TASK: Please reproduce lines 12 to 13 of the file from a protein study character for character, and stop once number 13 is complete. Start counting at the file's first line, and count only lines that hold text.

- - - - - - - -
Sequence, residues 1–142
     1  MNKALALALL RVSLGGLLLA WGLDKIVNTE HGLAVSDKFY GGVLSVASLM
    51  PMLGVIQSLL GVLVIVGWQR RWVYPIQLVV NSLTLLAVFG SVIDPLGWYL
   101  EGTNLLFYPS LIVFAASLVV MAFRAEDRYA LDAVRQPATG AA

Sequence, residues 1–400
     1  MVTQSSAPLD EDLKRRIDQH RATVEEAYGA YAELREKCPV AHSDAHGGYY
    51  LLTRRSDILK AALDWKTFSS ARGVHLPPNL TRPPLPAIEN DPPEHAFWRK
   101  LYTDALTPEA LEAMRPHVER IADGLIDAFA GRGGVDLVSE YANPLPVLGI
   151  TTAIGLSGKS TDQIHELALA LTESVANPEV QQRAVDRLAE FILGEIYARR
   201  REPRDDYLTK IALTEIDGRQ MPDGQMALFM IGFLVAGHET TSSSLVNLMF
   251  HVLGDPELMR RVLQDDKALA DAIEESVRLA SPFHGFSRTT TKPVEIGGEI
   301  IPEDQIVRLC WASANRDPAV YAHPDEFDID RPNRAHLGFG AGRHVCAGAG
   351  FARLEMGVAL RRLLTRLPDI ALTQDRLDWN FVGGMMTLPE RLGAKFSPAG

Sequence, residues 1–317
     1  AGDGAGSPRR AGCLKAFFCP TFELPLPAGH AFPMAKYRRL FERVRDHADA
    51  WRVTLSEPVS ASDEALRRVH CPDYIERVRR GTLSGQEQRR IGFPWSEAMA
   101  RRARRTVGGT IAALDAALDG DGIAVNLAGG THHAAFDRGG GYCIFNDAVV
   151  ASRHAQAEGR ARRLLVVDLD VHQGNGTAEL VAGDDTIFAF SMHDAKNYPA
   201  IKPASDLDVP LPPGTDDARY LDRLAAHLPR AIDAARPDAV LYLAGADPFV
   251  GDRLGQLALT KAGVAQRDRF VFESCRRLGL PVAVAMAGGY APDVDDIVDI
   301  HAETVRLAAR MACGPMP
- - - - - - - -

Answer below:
   301  IPEDQIVRLC WASANRDPAV YAHPDEFDID RPNRAHLGFG AGRHVCAGAG
   351  FARLEMGVAL RRLLTRLPDI ALTQDRLDWN FVGGMMTLPE RLGAKFSPAG